31st March, 2010. 6.00 p.m. It’s blowing a cold gale out of the north-west and the sky is full of low, driven cloud. I follow a hunch that I’ll find a buzzard out in the open paddocks to the west of the village where I’ve seen one before. I’m rewarded with two, the first time I’ve seen a pair together in these parts. For ten minutes they engage in what I can only describe as air-play. They’re not hunting, they’re just flying, cavorting, enjoying the wind in their feathers. They stay low, about 40 – 80 feet above the ground, facing the rush, beating their great wings just enough to stay in place, without being blown backwards, occasionally swooping down low, and gliding round in a loop. They look more streamlined, with more pointed wings, than the stiff, heavy, broad-winged birds of the books. In fact they are remarkably agile and buoyant. They don’t stray too far from each other, and twice they make contact in mid-air, one rolling sideways, momentarily touching talons, like two bros bumping knuckles in greeting, before peeling away.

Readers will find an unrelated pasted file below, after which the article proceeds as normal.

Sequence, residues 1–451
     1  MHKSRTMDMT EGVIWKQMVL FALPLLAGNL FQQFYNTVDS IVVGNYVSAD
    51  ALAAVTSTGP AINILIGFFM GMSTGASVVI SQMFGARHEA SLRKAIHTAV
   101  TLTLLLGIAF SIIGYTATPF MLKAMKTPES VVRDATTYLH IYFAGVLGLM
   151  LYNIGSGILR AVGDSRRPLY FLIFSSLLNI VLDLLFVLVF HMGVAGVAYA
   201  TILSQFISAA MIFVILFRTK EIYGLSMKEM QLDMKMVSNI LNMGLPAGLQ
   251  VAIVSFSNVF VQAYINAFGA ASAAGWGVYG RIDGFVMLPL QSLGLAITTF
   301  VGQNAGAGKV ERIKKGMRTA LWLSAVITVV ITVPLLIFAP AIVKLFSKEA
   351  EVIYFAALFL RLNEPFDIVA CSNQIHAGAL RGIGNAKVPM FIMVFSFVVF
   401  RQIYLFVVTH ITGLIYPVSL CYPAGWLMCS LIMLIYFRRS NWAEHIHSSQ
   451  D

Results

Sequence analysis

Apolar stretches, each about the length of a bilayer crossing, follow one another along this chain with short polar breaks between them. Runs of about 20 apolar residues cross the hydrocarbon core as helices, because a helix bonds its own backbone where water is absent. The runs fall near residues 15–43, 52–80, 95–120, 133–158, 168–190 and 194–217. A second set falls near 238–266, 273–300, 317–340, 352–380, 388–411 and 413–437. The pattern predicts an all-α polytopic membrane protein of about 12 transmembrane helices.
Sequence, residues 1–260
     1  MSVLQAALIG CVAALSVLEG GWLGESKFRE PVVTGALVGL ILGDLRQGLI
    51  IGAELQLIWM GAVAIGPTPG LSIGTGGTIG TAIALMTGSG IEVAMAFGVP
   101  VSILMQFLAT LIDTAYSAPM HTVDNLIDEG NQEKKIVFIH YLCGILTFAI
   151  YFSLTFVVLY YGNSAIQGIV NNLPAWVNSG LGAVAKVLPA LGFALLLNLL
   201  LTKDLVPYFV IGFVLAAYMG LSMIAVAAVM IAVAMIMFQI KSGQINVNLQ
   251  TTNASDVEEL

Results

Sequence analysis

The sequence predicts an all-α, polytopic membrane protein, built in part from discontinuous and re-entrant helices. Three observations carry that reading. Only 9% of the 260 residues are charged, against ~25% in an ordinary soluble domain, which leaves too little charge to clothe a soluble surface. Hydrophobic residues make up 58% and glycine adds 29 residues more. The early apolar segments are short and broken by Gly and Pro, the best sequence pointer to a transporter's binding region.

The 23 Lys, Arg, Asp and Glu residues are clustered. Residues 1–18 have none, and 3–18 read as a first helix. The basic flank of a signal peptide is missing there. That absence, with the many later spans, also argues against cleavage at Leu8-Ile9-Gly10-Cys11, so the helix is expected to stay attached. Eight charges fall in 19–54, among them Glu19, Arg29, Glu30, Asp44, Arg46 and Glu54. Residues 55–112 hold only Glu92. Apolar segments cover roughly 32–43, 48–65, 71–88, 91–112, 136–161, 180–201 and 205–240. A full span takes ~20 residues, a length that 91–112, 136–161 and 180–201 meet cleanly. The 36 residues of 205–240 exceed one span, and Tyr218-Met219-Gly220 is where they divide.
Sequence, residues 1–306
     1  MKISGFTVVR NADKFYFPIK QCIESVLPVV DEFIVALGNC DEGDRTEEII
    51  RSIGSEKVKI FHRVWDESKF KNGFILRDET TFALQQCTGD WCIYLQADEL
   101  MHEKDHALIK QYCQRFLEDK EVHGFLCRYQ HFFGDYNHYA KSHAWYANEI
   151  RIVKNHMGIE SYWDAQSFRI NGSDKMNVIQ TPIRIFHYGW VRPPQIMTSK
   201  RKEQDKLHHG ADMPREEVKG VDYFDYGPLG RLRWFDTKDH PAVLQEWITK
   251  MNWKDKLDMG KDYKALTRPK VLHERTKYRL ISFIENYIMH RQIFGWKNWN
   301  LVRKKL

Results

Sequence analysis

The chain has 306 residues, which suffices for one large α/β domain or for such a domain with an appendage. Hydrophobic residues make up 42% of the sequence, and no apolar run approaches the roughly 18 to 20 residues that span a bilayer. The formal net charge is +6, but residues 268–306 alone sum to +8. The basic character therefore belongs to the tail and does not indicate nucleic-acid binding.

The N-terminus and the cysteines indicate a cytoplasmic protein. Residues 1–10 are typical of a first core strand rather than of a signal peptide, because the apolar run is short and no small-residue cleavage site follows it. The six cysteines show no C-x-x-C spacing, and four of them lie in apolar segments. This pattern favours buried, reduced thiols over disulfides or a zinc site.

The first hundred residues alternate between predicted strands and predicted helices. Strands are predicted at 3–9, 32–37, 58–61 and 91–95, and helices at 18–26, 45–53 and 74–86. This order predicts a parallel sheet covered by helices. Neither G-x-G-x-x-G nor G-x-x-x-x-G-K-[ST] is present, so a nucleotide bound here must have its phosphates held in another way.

The buzzards drift towards the airfield, and I follow them on foot. When I get there, they are mobbed by a rook and drift lazily back to the paddocks. I think they like the terrain here – it is open, there are no trees, and there are plenty of rabbits… perhaps it reminds them of moorland. I get a good look at both birds, and I’m certain that neither is the gap-tailed buzzard I’ve seen to the south of the village. If there are indeed three birds, or even two pairs, in this small district, and they manage to breed, it indicates a remarkable change in fortune – it was only in 1999 that the first breeding pair in the whole county was recorded, after the toxic disasters of DDT and myxamatosis.
I leave the buzzard grounds and work round the back of the tomato ‘farm’ – in reality a ramshackle, polythene agro-outfit running on imported plants, imported growbags, and imported East European labour. These lithe and cheerful spring migrants have yet to arrive in great numbers, but dozens of broke-down caravans are lined up out back to receive them. Just before sunset, the wind drops, the sun breaks through the cloud, and the land glows briefly. The season has been slow to turn, but everywhere leaf-buds are ready to burst with excitement. A great weeping willow beside the allotment gardens seems, from afar, to be the first and only tree to have come into full leaf, dripping long golden-green tresses almost to the ground, but close-up they turn out to be catkins not leaves, a profusion on every branch and twig. A dusk chorus breaks out, led by the blackbirds. The willow catches the last rays, flares in glory, then merges back into the dusk.